Film Reviews

RUNAWAY JURY

By • Oct 17th, 2003 •

Share This:

I was on a rape case jury a few years ago in Las Vegas. The judge refused all excuses people offered to be exempted from serving on the jury. He said: “If I have to be here, so do you.” It was a harrowing experience. I took such copious notes the jury nominated me for foreman. I declined due to stress. I nearly fainted on day three. In deliberations, I argued with jurors. I had to go over every scrap of evidence and all the testimony. I found out a juror’s boyfriend was in jail with the defendant. I had a note sent to the judge. I refused to go along with the majority vote on Friday afternoon. I made us reconvene on Monday. My husband had to come support me when we announced the verdict.

Both lawyers wanted to talk to me afterward. They knew I was the one who had caused all the trouble. Only later did I find out that the defendant was already serving years for another rape. Thank God the jurors convinced me the guy was guilty.

I cannot attest to the accuracy of RUNAWAY JURY. I’m going to assume that John Grisham knows the law and courtroom procedure and would make sure that a movie, adapted from his 1996 best-selling book would be as realistic as cinematically possible.

I do take fault with one huge point critical to the story: The judge’s relationship to the jury. In RUNAWAY JURY, the judge did not have one.

A New Orleans stockbroker (Dylan McDermont) and eleven employees are killed by a disgruntled former employee. His widow sues the gun manufacturer. The case is so important that the gun lobby hires brilliant Jury Consultant Rankin Fitch (Gene Hackman) to handpick the jury. Occasionally Fitch turns up in court; however, the case is being tried by a lawyer (Bruce Davidson) who is constantly fed directives by Fitch. Do judges actually allow this kind of thing? Fitch is the masterful manipulator who orchestrates a vast army of technicians, sleuths, hit men, and investigators who dig up dirt on the prospective jurors. After they get the right people on the jury they will do everything illegally possible to deliver the verdict they are paid to get.

Fitch’s team goes through the entire potential jury pool before the random selection process even begins! They have more information on each and every prospective jury than the CIA, FBI, and NSA could ever hope to have.

Woe to you if you make it onto this jury. Fitch has his twelve jurors and then the real fun and games begins as he uncovers every dirty secret and peccadillo. He breaks the law with brute force. He terrorizes the jurors. This team should be looking for Saddam. Is this kind of practice actually taking place? We hear about digging up dirt on witnesses and the litigating parties embroiled in a trial, but the jury? Grisham wants us to believe this is a possibility.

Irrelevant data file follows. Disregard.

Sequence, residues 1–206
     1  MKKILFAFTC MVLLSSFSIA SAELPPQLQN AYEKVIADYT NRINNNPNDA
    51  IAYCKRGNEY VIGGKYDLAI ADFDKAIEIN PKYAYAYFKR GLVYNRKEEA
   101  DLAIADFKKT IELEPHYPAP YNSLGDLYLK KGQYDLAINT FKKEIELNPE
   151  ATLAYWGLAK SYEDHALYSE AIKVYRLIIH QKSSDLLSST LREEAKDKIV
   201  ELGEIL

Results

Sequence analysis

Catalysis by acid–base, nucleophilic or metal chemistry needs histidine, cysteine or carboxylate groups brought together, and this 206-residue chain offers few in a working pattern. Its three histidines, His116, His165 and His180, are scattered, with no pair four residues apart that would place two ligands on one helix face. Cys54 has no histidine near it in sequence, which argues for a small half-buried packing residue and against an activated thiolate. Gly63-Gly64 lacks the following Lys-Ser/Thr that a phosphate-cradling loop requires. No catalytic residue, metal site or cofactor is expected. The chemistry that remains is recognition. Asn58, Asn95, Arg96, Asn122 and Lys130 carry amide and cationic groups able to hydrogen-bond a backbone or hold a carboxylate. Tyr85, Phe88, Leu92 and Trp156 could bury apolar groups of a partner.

Jury tampering? The judge scoffs at the notion.

The plaintiff’s lawyer, Wendell Rohr (Dustin Hoffman), has one jury consultant (Jeremy Piven) without even a laptop at his disposal. He uses “intuition.” Rohr believes in his client and the legal system. He does not seem the least bit troubled by Fitch and his warehouse of information thieves.

Nick Easter (John Cusack), improbably gets himself on the jury by trying to get off jury duty. Unwisely, Fitch wants him. Fitch’s weakness propels the story forward. Easter plays each juror like a sap. He will, aided by his ruthless companion Marlee (Rachel Weisz), manipulate the jury for the highest bidder. Once Marlee makes her offer, the selling of the jury verdict is on the open market. Fitch loves the challenge and plays along. Fitch does not even once entertain the fact that he handpicked Easter! All he is now interested in is: Will they deliver the jury and how will they do it? He wants proof.

Hackman relishes his character’s bespoke suits. He loves barking at underlings.

Here is where the four screenwriters (Brain Koppelman, David Levien, Rick Cleveland, Matthew Chapman) skillfully design an intriguing, suspenseful drama. No sloppy happenstance. No improbable lucky breaks. The director, Gary Fleder, achieves a sublime air of tension that keeps each audience member routed in Seat 13 of the jury box. This is no small task especially when the suspence keeps building to a clever, satisfying climax with a nice twist.

Cusack hits the right tone, using his tired, drawn features to full effect. He’s got the kind of face you just cannot trust without an interrogation. Which way will he go? Will he go through with the deception or will his conscience get the best of him? Hackman looms over Hoffman. Hoffman’s role is underdeveloped and lacks an interesting personality. Hoffman is reduced to playing Tootsie once again. Why isn’t Rohr worried about jury tampering? What is his plan of counterattack? Does he have a strategy? The Hackman-Hoffman confrontation reeks more of showy stagecraft than anything else. After putting Al Pacino and Robert De Niro in a coffee shop in HEAT, this is the requisite scene for two big heavyweight stars in rival roles.

This is by far the most compelling Grisham movie adaptation yet. High praise must go to Fleder for staging essentially a courtroom drama with gripping uneasiness and uncomfortable suspense. I’m seeing RUNAWAY JURY again; it is certainly worth a second

Tagged as:
Share This Article: Digg it | del.icio.us | Google | StumbleUpon | Technorati

Leave a Comment

(Comments are moderated and will be approved at FIR's discretion, please allow time to be displayed)